Did you know more than half of the energy used in your home is accounted for heating and cooling expenses alone? The annual cost for the average American to heat and cool their home is consistently high, depending on various factors, such as type of HVAC equipment, as well as the size and quality of the dwelling. Your geographical location can also play a big part as well. The cost to heat and cool a standard one-bedroom condominium differs dramatically than that from a five bedroom home. The same comparison applies to the price of providing heating and cooling in northern states versus those located in the south.
Average Heating Costs
Heating costs have climbed to a record high in recent years, with oil burning appliances accounting for a majority of the costs. According to the New York Times, in 2012 the average American household heating their home by oil spent almost $2,500. That’s a big difference compared to the national annual average of $1,300 spent on homes heated with electricity, and just under $1,000 on homes heated with gas.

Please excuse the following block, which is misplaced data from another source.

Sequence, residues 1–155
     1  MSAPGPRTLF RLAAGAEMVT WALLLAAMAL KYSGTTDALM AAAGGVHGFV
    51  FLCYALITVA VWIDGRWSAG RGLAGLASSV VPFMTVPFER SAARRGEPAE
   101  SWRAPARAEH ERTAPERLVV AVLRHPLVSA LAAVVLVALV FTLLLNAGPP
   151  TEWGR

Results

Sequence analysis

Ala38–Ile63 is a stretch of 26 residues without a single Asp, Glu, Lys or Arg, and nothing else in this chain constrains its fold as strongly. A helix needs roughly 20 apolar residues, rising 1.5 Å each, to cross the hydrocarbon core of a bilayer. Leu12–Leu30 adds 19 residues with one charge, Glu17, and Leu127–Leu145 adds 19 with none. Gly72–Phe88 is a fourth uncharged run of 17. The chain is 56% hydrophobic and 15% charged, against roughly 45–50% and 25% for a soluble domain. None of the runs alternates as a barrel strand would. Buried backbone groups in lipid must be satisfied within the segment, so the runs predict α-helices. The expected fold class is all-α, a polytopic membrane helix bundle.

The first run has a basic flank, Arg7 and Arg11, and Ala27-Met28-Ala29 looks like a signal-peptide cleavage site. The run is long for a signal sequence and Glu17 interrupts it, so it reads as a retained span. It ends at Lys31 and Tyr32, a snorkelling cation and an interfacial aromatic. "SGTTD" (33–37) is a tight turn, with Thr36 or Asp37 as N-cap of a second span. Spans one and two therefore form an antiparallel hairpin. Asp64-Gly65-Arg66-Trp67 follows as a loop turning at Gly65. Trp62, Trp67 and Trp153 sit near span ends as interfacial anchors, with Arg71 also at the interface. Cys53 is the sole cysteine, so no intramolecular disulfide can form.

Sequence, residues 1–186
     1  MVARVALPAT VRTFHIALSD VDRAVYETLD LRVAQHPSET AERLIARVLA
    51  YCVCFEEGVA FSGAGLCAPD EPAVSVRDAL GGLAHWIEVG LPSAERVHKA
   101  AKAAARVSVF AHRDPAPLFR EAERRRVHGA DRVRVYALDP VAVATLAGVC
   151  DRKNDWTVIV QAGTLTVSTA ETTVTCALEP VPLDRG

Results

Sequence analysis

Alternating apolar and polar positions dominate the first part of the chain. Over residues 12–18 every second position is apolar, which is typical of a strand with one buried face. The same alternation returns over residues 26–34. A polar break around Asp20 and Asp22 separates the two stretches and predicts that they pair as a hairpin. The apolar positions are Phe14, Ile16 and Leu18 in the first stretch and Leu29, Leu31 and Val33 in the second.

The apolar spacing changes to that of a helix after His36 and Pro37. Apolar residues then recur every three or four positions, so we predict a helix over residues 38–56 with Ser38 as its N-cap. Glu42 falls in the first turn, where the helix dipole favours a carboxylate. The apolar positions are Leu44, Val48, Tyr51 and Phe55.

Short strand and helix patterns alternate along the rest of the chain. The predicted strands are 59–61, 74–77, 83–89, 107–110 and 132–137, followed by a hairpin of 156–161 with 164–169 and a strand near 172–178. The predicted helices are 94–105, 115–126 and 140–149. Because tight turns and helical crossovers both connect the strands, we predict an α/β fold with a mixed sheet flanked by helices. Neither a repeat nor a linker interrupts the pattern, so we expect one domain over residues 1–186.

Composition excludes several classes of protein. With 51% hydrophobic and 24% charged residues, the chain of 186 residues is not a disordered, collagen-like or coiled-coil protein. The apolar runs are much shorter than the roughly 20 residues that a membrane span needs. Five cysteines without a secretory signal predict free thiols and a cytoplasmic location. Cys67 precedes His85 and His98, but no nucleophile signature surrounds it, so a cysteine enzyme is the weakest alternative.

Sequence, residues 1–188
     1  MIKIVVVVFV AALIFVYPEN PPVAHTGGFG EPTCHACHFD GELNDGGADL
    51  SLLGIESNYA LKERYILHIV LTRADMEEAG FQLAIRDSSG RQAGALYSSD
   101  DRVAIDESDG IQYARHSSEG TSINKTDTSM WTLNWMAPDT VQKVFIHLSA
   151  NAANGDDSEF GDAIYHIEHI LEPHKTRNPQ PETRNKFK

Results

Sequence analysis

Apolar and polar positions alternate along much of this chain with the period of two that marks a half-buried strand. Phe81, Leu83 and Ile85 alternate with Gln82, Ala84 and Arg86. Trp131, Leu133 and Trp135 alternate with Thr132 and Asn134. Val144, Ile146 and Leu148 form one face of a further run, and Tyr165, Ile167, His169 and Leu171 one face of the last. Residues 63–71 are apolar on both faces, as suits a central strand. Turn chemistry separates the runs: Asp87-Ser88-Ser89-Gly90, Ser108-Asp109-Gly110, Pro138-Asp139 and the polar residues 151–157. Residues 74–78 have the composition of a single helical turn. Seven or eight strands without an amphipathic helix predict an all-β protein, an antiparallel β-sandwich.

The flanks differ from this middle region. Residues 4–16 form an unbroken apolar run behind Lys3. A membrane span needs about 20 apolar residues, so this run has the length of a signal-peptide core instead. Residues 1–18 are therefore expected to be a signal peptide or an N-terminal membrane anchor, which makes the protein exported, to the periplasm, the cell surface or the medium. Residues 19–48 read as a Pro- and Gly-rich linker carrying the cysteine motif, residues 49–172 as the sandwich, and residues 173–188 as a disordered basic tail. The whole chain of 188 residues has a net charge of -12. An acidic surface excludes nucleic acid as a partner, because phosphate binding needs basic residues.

Average Cooling Costs
Today, over two-thirds of homes nationwide contain central air conditioning, including almost all of new housing structures. According to the Energy Information Administration (EIA), American homeowners spend more than twice as much money on heating than on cooling their homes.
According a recent Los Angeles Times article, the average American homeowner’s electric bill can run between $6.00-7.00 per day, when their air conditioning system is used the majority of the day with a thermostat set at 72 degrees.
The cost of cooling can fluctuate based on the age and condition of the system, the region, climate, electricity rate of the location, as well as the SEER (Seasonal Energy Efficiency Ratio) and EER (Energy Efficiency Ratio). The higher the SEER and EER rating the more efficient the system will be.